Coney Island’s Dreamland Amusement Park 1904-1911 – Part 2
Coney Island- Dreamland midway on a crowded day
Continuing from part one of our postcard journey through Dreamland Amusement Park at Coney Island, we examine the other features of the park.
At the turn of the century, dancing was possibly the most popular amusement at Coney Island, even more so than bathing at the beach. The Dreamland ballroom reflected this popularity by being the largest ballroom ever built in the United States. Continue reading →
Dreamland Map from Jeffrey Stanton’s site http://www.westland.net/coneyisland/
Dreamland was built on a 15-acre parcel at Surf Avenue and West 8th Street and opened on May 14, 1904. It cost over $3.5 million to build. The park could accommodate over 250,000 people. Ex-State Senator William H. Reynolds was the man behind Dreamland. The original name of the park was to be the Hippodrome, as Reynolds originally wanted chariot races around a lagoon. On the architect’s plans the name was changed to Wonderland, but the name that stuck was Dreamland. With its bright lights and a dizzying array of exhibits and amusements Dreamland was an apropos name.
On the right is a map of how Dreamland was laid out.
The week before Dreamland opened, this ad in the May 8, 1904 New York Evening Sun heralded the pleasures that awaited visitors.
The defining feature of Dreamland was the White Tower built by architects Kirby, Petit and Green and modeled after the Giralda Tower in Seville. It was 370 feet high and had over 100,000 electric lights. Continue reading →
Rare Postcards Of The Upper West Side And Harlem 1900 – 1915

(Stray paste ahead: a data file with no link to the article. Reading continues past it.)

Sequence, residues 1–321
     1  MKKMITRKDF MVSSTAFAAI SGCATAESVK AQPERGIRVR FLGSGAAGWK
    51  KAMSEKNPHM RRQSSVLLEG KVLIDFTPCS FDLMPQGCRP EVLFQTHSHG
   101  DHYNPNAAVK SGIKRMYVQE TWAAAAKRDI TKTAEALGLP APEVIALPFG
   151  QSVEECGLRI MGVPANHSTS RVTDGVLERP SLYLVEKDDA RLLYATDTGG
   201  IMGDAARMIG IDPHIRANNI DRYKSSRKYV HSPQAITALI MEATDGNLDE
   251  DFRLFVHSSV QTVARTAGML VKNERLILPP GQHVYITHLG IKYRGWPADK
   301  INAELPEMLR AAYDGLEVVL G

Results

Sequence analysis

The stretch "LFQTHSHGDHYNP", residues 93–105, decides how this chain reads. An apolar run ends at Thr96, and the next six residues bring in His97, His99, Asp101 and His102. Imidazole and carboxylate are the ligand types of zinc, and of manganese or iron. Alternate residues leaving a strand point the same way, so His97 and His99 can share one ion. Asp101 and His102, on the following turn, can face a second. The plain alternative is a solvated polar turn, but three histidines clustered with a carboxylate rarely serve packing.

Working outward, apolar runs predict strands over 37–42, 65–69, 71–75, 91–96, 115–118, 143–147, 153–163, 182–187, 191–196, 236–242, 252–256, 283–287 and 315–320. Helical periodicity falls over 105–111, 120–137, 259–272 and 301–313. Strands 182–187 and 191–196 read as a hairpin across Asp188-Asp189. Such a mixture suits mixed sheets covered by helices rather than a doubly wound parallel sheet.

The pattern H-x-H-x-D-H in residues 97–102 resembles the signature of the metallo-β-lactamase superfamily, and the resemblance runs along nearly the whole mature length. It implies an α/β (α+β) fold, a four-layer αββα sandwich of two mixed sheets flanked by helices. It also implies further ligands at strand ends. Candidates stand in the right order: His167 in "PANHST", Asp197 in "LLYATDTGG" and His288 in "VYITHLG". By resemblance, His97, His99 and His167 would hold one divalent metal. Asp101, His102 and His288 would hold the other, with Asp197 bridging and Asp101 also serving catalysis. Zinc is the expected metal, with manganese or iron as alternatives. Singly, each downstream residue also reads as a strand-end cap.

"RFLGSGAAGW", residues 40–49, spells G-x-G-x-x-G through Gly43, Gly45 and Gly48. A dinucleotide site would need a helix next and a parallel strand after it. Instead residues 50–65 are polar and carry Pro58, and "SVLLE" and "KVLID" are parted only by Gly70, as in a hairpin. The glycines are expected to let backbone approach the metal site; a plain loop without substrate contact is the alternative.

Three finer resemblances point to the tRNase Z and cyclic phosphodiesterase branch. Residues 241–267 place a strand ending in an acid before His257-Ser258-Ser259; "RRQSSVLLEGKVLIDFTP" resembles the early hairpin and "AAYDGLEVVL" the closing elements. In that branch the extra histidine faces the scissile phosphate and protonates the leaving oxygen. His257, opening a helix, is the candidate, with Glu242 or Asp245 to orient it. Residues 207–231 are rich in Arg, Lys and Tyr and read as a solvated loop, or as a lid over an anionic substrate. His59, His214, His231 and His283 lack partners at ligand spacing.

Broadway and 141st Street Looking North circa 1903
Most old postcards depicting turn of the century New York City usually show the typical tourist attractions, landmarks and notable buildings of the city.
It was uncommon for the big postcard manufacturers to produce postcards of average streets, buildings or scenes in New York City for people to send to their friends back home. After all who wanted to see an apartment building on 117th Street and Seventh Avenue?
That is what makes these scenes of New York City and upper Manhattan rather unique. They feature the areas not frequented by tourists. They are photographs, rather than illustrations, and were typically produced in small quantities by smaller or unnamed card manufacturers. The absence of vehicles and people on the streets belies the rapid housing development that occurred in upper Manhattan during the time. Click on any postcard to enlarge.
Euclid Hall Apartments 2349 Broadway, northwest corner of Broadway and 86th Street. This view shows the Euclid Hall Apartments which was built in 1903 by Hill and Turner is a heavily ornamented seven story red brick building. It is still standing and the ground floor has been modernized and now houses commercial businesses.
The William Apartments looking west at 243 West 98th Street, northwest corner of Broadway and 98th Street. The William, a seven story building was completed in 1899 and is currently a condominium. To the right of The William behind the trees is the Arragon at 2611 Broadway. Continue reading →
Postcards of Old New York – Featuring Broadway and Fifth Avenue
These postcards generally depict New York from 1900 – 1920. We are concentrating this batch on the well traveled areas of Broadway and Fifth Avenue.